By Melissa Fossum
By Lauren Wise
By New Times
By Amanda Savage
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Bigger, louder, deeper, and weirder, the second album from Youth Lagoon is the sort of follow-up that exceeds its predecessor in every way.
Boise's Trevor Powers, 24, toys with expectations — both his own and those from the indie rock world that was watching his development closely — on Wondrous Bughouse, released in March by Fat Possum.
While Youth Lagoon's 2011 debut, The Year of Hibernation, sounds like exactly that, this new record is pop at its most fragmented — an ambitious sonic exploration of the human psyche in which experimentation remains in the service of the melody of each song.
Lyrically, Powers' first album stuck to themes of isolation and protection, a true sort of hibernation that reflected on not only his creation but the mind from which it sprang. Wondrous Bughouse, referencing a quaint term for an insane asylum, is an album about what potentially can go wrong with that sort of seclusion, when solitude can become a trap, when introspection turns dark.
"Youth Lagoon is something so personal to me because writing music is how I sort my thoughts, as well as where I transfer my fears," Powers says on the Fat Possum press release. "I'm not a gifted speaker, so explaining things is difficult for me. But music always makes sense."
The lyrics come across like a brain scan that reaches beyond biology to reveal, if not decode, thoughts. Whether scattered thoughts given voice or transmissions from the subconscious, the words creep in like fractured dreamscapes, laced with suggestion but typically indirect. Powers' song titles, on the other hand, land meaning like punches: "Through Mind and Back," "Attic Doctor," "Sleep Paralysis," "Third Dystopia."
"I live in a fog, one that's foremade / While my physical body's turning in my grave / The spirit's forgiven, building in your brain / But it doesn't know how," sings Powers on "Dropla," before settling into a chorus — "You'll never die, you'll never die" — he repeats like a spell or a mantra.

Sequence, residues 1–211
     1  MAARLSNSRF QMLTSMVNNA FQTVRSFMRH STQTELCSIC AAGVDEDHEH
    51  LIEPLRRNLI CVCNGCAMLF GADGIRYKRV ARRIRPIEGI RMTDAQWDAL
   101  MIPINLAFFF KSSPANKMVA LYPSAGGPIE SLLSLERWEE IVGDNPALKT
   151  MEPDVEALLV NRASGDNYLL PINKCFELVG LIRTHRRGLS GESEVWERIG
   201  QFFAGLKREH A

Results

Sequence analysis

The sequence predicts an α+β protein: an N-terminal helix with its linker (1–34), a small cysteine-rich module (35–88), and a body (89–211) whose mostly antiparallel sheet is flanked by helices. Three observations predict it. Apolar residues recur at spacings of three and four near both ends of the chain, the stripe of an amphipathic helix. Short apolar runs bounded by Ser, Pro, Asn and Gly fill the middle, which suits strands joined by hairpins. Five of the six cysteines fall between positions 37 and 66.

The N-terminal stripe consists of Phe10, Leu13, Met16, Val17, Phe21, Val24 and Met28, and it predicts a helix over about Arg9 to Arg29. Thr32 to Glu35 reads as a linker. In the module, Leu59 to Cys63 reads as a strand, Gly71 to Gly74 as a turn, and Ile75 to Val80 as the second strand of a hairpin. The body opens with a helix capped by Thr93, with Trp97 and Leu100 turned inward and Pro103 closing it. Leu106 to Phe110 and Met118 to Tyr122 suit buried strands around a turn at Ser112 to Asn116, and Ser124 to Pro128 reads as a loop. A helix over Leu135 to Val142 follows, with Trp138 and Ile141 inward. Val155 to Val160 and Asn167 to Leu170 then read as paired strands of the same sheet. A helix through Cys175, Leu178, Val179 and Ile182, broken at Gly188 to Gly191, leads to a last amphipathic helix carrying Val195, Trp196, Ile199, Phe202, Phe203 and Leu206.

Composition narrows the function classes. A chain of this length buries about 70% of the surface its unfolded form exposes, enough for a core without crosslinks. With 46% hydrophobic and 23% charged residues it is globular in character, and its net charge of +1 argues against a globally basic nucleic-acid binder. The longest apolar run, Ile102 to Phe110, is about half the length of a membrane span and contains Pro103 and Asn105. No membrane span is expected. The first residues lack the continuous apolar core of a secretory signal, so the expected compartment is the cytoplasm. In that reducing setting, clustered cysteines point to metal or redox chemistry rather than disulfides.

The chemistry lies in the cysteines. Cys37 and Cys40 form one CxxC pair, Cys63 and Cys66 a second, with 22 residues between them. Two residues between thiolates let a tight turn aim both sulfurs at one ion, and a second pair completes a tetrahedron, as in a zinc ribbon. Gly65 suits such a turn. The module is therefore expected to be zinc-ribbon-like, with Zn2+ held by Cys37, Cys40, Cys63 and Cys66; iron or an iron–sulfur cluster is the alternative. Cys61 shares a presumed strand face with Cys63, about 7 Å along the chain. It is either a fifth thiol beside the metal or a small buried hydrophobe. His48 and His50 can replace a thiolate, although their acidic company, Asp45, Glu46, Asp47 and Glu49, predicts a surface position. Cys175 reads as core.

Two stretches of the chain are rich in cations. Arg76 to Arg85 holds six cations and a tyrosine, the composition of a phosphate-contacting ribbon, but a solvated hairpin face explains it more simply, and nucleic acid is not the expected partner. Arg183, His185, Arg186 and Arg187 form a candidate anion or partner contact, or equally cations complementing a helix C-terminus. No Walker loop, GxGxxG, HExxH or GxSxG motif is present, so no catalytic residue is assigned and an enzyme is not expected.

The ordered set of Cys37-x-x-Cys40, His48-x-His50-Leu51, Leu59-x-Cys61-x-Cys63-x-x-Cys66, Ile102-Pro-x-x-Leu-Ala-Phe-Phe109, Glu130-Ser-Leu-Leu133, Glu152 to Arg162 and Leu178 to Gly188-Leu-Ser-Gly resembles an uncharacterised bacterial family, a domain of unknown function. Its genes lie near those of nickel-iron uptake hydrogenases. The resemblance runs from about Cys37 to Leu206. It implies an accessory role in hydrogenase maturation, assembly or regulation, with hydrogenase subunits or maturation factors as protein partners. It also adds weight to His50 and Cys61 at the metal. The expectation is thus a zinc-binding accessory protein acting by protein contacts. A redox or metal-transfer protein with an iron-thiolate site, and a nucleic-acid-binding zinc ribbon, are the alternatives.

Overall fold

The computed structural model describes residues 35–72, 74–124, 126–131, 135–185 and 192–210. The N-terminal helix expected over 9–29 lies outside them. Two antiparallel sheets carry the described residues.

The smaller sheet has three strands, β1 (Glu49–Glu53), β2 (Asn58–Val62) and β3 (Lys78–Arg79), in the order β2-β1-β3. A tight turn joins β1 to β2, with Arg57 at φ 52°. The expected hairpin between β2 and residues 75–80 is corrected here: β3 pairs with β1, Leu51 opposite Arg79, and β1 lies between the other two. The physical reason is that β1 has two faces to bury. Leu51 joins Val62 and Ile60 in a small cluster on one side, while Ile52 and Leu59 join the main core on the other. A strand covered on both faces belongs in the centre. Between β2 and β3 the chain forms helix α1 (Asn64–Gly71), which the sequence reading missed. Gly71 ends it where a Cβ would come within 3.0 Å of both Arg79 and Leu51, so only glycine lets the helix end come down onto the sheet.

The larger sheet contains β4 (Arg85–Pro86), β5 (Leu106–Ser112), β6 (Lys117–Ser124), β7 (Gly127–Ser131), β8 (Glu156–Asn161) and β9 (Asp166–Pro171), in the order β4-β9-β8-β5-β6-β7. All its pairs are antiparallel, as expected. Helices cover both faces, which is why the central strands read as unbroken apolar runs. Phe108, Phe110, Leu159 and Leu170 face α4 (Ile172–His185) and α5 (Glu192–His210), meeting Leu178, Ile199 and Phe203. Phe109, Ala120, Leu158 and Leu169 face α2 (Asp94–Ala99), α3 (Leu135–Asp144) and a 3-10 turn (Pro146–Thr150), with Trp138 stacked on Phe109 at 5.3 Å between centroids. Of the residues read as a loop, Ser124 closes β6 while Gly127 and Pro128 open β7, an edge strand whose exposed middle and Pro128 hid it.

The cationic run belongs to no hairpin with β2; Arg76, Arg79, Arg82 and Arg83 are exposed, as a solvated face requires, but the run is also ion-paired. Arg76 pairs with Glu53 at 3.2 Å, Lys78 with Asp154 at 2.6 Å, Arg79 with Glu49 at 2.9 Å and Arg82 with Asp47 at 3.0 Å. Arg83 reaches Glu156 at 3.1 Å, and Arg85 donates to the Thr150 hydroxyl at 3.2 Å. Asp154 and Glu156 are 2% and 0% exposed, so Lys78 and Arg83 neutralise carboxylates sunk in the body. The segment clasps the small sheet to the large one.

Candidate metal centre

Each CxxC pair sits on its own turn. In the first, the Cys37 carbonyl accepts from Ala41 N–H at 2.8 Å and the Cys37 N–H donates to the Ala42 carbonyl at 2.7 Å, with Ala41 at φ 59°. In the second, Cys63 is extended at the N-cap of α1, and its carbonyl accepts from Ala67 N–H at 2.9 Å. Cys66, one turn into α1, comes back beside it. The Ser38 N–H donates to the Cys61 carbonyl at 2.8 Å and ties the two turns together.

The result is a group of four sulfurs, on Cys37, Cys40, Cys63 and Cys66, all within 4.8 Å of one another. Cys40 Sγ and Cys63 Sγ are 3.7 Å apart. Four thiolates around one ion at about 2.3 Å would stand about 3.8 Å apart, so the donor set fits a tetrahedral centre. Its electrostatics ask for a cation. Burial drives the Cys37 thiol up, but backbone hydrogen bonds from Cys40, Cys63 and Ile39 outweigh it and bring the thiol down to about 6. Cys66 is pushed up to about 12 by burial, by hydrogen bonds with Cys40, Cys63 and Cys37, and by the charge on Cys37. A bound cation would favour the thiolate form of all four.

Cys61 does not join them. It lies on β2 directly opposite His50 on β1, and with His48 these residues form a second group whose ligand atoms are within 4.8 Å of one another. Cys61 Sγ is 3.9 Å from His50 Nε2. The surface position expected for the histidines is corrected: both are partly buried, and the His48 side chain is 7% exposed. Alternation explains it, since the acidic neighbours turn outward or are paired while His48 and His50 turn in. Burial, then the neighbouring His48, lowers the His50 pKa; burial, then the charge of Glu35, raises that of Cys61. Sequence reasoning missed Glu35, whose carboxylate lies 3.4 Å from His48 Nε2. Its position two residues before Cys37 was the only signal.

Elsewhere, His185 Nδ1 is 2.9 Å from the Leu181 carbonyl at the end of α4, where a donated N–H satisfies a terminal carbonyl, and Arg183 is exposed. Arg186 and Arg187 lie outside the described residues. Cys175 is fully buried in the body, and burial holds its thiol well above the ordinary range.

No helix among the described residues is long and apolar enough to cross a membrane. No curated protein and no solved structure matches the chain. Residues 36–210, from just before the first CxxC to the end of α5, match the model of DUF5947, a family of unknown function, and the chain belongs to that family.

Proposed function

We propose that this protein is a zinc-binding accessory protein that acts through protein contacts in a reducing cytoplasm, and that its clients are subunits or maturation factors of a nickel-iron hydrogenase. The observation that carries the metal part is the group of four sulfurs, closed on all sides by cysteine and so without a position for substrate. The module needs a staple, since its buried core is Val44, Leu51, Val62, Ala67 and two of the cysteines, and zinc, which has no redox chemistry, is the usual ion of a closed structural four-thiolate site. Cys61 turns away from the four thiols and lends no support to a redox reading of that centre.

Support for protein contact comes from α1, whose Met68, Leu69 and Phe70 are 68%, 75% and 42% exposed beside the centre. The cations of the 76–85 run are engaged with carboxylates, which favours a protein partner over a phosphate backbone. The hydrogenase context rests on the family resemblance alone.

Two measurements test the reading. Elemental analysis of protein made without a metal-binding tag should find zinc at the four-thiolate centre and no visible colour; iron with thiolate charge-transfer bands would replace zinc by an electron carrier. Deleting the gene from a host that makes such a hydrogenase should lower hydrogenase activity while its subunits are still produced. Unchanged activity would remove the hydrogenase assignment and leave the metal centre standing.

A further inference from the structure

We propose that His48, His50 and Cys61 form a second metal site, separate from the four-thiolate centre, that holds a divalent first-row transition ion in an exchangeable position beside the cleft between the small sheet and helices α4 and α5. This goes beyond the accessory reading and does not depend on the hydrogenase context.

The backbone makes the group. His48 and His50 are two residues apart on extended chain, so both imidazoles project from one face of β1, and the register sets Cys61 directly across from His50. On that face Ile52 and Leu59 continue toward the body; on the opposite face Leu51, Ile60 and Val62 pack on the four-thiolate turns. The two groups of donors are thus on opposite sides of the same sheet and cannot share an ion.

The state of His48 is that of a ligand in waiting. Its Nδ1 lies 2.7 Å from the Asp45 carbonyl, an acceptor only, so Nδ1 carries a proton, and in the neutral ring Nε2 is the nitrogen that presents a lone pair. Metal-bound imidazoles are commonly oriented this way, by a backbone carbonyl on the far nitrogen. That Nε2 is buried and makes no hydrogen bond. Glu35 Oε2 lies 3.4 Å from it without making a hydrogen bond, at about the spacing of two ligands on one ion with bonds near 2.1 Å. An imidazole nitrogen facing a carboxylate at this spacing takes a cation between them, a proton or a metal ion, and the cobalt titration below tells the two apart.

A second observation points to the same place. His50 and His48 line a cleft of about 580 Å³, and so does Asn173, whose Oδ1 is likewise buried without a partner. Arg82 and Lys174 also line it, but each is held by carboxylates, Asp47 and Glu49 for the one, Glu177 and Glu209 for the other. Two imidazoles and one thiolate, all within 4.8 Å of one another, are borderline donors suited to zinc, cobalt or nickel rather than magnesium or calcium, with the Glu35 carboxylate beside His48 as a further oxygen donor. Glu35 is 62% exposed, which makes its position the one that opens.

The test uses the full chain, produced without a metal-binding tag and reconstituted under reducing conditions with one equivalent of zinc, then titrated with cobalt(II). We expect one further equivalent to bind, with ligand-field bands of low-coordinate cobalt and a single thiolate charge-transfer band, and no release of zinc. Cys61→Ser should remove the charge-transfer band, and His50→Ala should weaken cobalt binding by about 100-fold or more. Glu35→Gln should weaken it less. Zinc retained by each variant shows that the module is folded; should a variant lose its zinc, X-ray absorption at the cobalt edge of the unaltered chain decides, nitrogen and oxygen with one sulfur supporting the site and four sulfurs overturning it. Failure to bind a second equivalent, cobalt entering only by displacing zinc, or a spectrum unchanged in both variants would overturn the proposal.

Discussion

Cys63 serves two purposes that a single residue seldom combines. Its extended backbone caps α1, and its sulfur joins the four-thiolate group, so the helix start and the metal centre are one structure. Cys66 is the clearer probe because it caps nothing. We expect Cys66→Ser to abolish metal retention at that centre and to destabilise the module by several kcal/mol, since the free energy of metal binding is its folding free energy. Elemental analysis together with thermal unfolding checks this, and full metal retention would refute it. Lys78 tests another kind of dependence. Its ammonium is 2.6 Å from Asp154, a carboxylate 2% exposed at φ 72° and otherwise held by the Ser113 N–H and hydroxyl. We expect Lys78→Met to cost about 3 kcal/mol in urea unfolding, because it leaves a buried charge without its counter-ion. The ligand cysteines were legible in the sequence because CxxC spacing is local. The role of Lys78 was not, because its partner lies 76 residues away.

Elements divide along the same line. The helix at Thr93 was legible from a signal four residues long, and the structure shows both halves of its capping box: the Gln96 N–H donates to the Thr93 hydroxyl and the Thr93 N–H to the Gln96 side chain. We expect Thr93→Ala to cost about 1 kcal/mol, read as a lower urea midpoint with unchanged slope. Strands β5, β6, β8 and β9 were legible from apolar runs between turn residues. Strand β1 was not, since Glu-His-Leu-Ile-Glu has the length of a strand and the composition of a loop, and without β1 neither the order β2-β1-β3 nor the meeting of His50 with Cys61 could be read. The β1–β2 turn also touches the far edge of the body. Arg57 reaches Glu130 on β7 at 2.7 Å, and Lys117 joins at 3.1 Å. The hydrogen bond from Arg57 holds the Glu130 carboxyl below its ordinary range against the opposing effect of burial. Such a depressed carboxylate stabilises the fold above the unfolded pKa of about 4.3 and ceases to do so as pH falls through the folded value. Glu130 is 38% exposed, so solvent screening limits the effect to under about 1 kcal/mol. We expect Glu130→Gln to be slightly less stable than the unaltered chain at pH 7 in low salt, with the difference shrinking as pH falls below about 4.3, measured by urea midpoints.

Weirdly unsettling at times, the music itself accurately and captivatingly frames Powers' lyrics of mortality and mental fragility. The cover art, an ornately detailed drawing of almost paisley psychedelic imagery, pushes in the same direction. The total effect is a significantly stranger album than The Year of Hibernation, yet one built carefully and cohesively.
Helping to guide and reveal Powers' artistic growth is Ben Allen, whose production, engineering, and mixing credits span from The Notorious B.I.G. and Diddy to Animal Collective and Deerhunter. Together, they deftly add layers to form an expansive sound, anchored by a booming low end that allows for the atmospheric flourishes to climb higher.
Powers' skyward aspirations peak on "Raspberry Cane," nearly seven minutes of trippy bliss, an uplifting repeated melody that blends into swirls of synth and electronics. Best representing the album's heftier side is "Mute," a burst of steady, thumping drums that lead into a long closing guitar solo that takes off on an exploratory march all its own.
With Wondrous Bughouse, Youth Lagoon is now two-for-two on "Best New Music" tags from Pitchfork. The songs stretch out — both lyrically and musically — much further than on The Year of Hibernation. It's an impressive yet natural progression and an encouraging sign of even more to come.